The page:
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Anonymous
I'm a confirmed employee and have completed one year of service. Recently, during a review call, my manager insulted me and I responded back. The discussion was on providing support on Sunday, and due to her shouting and insulting, I said I won't work on Sunday. She took it as an ego hurt and sent me a termination notice, mentioning the reason as the non-flexibility of working. I have accepted the termination notice and decided to move on. However, would like to know is this a valid reason for terminate an employee.
From India, Kottayam
Madhu.T.K
4193

This is not a valid reason for termination. Moreover, an employee cannot be terminated without offering opportunities to defend the charges. The charge is very weak, and as such termination is bad in law. Certainly, if you were an employee not having any managerial functions, you can challenge the termination.
From India, Kannur
Anonymous
Thank you so much for your quick response. But how can I challenge this termination. They dont even respond me back to my email. attached the mail correspondence with company references removed.
From India, Kottayam
Attached Files (Download Requires Membership)
File Type: docx termination mail.docx (13.5 KB, 0 views)

Madhu.T.K
4193

This is actually a discharge simpliciter because the employer has given you notice of 30 days. It is interesting that the communication has not come any HR person or such person designated to appoint or terminate an employee. Obviously, if you were appointed by a manager he could only terminate you. It is not the help desk with whom you can communicate such matters. That itself shows that the company has no HR protocols.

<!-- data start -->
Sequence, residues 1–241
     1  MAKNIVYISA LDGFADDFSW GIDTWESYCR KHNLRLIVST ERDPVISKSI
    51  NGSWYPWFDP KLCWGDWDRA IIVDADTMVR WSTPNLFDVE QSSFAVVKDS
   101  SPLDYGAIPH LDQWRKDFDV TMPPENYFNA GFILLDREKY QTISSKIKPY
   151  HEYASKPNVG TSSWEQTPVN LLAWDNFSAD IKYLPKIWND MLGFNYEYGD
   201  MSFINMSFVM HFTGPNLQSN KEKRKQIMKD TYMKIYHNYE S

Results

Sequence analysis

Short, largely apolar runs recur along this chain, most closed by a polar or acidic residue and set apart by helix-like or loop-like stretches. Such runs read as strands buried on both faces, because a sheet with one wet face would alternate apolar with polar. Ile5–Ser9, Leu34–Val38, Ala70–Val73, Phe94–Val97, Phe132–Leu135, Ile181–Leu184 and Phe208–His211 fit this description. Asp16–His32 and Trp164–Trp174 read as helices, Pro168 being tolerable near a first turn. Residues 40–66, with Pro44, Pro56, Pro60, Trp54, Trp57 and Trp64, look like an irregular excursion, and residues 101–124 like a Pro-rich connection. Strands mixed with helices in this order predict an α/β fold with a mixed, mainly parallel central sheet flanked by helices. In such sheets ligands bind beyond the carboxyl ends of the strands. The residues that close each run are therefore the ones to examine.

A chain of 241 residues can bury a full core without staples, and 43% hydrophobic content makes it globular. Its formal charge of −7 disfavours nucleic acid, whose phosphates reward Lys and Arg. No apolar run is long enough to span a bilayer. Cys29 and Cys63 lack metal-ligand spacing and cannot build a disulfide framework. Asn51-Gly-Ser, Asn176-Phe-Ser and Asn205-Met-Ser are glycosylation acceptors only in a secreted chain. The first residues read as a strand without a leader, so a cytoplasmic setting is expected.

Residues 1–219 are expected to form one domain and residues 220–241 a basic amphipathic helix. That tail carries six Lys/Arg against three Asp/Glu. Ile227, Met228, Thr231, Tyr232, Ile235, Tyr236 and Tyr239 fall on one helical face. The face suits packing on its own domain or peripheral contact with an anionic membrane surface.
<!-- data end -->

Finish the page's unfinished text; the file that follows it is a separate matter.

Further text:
Challenging the termination will make the employer hostile, and they will use it against you in all your future career by putting negative comments in the background verification. If you are not bothered about it, you can approach the Labour Officer who will initiate conciliation process considering your complaint as an industrial dispute. He will call the employer and try to sort out the matter amicably. Therefore, if the person concerned is not responding, you can speak to him/ her over phone and tell her that you are going to lodge a complaint before the Labour Officer. Things will take a different turn then.

From India, Kannur
rincy-josy
thank you so much for your expert advise.
From India, Kottayam
Dinesh Divekar
7855

Dear member,

The senior member Mr Madhu TK has given two replies. Both replies are from a legal standpoint. My reply is from your career point of view. I don't know the complete details of the incident but my interpretation is based on your post.

The managers work under pressure. Occasionally, they pass their frustration down the line. Of course, no one should do it but it happens sometimes. Against this backdrop, I wish you had filtered your manager's emotions and picked up the message behind her communication. On the contrary, it appears that you retaliated with matched intensity. In a huff, now you wish to quit your job.

Fine, you may get another job but if one wishes to grow one's career, one should avoid making decisions in a fit of annoyance. As a junior employee, we need to make some compromises. Combative postures do not take us anywhere. They are a hindrance to our growth.

After this incident, it will be difficult for you to continue in the same company. However, I recommend you learn literature on interpersonal skills, conflict management skills etc. and reflect on the incident. Find out whether there was a better way to handle the incident. Related to the incident, let me write a famous quote from Herodotus. He has said, "force has no place where there is need of skill".